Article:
"Some years each class has decorated their classroom door with a favorite book as the theme," added Hurst. The school has also presented a school-wide character parade in which everyone dresses up like a character from a story and carries a book. "This is a hoot!" Hurst told Education World.

"My own favorite Book Week activity is Reading Under the Stars from my own children's school," said Hurst. "Everyone brings blankets and flashlights and books! The PTA provides refreshments, and celebrity guest readers -- for example, a local newscaster, a sports star, the school principal or superintendent -- appear throughout the night to read their favorite stories."

Many schools, including Falcon Hill Elementary and Ryerson Elementary School in Madison, Connecticut, add to their celebration of books and reading by inviting local authors to spend a day visiting school. "We are hosting children's author Doe Boyle," said Ryerson PTO parent Danalisa Mancini-Riccio. "Ms. Boyle will give three one-hour presentations in the library. She will also sign her book Grey Wolf Pup." To mark the occasion, the school PTO purchased a copy of the book for each student.

"In our middle school," said Hillsboro (Texas) Junior High sixth-grade reading teacher Jan Moore, "our reading team is going to have a family reading night in the school library." Stations -- including one set up at the online card catalog for parents to learn from student demonstrators and try their own searches, an accelerated-reader program station where parents will read picture books and take a computerized quiz, and a book bingo station with rhyming clues -- will be manned by students.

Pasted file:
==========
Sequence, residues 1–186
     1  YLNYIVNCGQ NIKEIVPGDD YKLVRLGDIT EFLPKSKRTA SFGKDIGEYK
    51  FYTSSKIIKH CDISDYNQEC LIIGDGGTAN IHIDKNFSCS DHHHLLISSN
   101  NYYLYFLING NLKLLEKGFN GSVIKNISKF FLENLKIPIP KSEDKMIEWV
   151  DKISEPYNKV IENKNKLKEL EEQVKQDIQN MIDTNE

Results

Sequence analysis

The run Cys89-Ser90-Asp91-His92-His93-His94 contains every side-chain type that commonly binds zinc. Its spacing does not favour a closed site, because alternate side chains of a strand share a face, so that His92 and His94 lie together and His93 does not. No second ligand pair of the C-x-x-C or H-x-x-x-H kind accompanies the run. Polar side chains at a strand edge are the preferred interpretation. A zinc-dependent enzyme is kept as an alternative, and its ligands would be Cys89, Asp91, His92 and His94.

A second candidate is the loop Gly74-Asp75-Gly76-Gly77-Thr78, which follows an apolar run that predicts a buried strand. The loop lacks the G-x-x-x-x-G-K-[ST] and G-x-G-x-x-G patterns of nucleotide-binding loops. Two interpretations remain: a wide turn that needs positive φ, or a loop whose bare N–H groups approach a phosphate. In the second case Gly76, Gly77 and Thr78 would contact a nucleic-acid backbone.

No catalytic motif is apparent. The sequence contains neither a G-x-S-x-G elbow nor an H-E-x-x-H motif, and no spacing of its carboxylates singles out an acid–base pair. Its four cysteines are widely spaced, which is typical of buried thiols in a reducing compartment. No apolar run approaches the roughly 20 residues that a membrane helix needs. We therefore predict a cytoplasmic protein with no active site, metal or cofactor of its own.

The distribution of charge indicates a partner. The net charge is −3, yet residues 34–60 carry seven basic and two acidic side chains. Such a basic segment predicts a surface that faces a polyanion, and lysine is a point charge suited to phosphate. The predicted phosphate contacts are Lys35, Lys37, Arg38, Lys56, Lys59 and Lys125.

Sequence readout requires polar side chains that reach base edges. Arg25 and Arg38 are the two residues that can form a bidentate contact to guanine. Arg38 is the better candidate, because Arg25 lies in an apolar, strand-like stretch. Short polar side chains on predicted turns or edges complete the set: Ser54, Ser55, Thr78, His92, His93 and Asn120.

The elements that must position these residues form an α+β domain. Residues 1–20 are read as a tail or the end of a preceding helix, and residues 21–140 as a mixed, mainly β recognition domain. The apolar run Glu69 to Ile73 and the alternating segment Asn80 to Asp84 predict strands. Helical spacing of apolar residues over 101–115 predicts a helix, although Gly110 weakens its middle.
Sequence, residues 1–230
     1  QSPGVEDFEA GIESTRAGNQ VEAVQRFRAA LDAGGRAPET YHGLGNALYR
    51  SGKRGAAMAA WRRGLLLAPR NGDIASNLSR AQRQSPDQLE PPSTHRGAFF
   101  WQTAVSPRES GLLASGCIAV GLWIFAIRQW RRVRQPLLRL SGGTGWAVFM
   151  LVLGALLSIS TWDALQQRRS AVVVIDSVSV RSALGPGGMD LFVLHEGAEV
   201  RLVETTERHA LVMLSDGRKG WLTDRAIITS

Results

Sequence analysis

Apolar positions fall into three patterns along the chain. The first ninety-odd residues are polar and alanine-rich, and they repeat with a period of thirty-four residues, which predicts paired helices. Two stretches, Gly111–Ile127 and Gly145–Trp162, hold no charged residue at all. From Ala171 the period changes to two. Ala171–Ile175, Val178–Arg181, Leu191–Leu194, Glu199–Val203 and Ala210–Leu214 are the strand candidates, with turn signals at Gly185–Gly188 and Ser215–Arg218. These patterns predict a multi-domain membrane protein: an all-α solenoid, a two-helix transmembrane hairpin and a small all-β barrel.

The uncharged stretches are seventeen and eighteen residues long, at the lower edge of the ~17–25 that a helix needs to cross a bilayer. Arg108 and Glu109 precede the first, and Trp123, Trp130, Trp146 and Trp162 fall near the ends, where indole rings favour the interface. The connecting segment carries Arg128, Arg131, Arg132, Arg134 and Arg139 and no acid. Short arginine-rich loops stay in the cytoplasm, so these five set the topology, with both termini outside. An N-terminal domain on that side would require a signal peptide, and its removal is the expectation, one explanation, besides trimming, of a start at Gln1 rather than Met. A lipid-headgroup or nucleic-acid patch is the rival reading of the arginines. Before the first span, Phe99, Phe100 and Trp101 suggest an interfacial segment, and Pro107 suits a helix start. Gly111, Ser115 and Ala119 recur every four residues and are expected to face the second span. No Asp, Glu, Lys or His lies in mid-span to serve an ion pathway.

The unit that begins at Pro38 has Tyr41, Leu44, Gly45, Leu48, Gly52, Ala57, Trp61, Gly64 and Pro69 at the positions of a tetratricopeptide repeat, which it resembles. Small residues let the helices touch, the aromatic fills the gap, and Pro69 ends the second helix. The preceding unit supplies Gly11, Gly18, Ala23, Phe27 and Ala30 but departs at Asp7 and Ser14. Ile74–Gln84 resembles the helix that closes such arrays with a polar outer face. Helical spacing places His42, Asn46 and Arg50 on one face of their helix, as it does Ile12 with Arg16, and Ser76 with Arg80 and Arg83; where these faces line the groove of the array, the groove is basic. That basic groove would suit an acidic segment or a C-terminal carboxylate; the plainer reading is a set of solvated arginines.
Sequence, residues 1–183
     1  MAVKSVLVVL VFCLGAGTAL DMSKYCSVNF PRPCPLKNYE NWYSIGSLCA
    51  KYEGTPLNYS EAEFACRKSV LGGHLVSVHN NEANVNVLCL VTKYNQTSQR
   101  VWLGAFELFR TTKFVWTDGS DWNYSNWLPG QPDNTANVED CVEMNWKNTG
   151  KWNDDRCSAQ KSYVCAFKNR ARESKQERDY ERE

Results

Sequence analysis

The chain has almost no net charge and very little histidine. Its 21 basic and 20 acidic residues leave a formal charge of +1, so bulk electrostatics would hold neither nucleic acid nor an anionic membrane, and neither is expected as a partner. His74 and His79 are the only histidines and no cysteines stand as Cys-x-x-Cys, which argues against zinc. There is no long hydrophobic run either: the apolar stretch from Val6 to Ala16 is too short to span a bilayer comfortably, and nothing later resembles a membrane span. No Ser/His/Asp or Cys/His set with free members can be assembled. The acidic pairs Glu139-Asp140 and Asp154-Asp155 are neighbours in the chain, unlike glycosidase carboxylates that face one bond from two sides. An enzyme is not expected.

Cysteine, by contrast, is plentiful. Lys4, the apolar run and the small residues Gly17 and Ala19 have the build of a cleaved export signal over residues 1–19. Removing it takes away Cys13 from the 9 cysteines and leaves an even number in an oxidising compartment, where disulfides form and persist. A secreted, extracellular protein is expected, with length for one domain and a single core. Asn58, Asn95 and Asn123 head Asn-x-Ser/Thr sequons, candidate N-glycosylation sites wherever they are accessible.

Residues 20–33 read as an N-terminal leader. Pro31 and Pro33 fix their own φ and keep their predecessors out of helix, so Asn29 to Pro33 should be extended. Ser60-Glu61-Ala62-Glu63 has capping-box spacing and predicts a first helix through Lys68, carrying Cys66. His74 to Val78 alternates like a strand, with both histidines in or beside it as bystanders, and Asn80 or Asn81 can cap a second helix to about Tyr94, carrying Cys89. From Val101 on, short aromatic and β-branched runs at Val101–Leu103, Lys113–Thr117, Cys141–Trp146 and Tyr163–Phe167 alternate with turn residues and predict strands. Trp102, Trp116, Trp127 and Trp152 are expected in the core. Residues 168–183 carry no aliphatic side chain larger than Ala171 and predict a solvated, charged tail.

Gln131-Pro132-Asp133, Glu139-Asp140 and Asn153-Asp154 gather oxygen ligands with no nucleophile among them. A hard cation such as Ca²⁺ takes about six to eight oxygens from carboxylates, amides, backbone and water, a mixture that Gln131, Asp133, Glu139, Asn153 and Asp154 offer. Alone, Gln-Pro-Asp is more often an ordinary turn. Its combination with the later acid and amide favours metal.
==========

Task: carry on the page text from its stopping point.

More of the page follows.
"We will also be having a poster contest using this year's theme, 'Get Carried Away ... READ,' during the preceding week," added Moore. "We will announce a winner from each grade on family reading night."


For a whole library of National Children's Book Week activities, check out the Children's Book Council's National Children's Book Week Web page. The CBC has everything you need to plan, promote, and publicize your Book Week celebration.

Still looking for ideas?

Better Book Reports -- 25 Ideas!
Tired of the same old book report formats? Spice up those old book reports with some new ideas. Twenty-five ideas in all!

25 Ideas to Motivate Young Readers!
Twenty-five ideas to get kids excited about reading courtesy of the folks at the BOOK-IT! Program.

Competition Increases Student Reading
The Book Bowl competition sparks students to read more! Included: Tips for starting a Book Bowl in your community.

Organize a "Literature Day" (and Night!) at Your School
Activity ideas and tips for organizing your own literature event!

Make It Happen: Awesome Author and Illustrator Visits!
Learn how to transform a school author or illustrator visit from an hour of entertainment into a life-long connection to reading and writing.

Lit to Fit: Literature Lessons for Every Grade
Marcia Goudie's Web site -- Children's Literature Activities for the Classroom -- directs educators to lessons made to fit the literary works they teach.

Harry Potter Haiku
Why not turn students' enthusiasm for all things Harry Potter into a creative writing opportunity?

Motivational Ideas Children's Book Week and National Library Week
James Madison University's Internet School Library Media Center has compiled an imaginative list of book-related activities.

Ipswich District Teacher-Librarian Network Celebrates Book Week
The Children's Book Council of Australia's links to other Book Week celebration pages.

Article by Leslie Bulion
Education World®
Copyright © 2007 Education World


Originally published 11/08/2004
Last updated 10/31/2007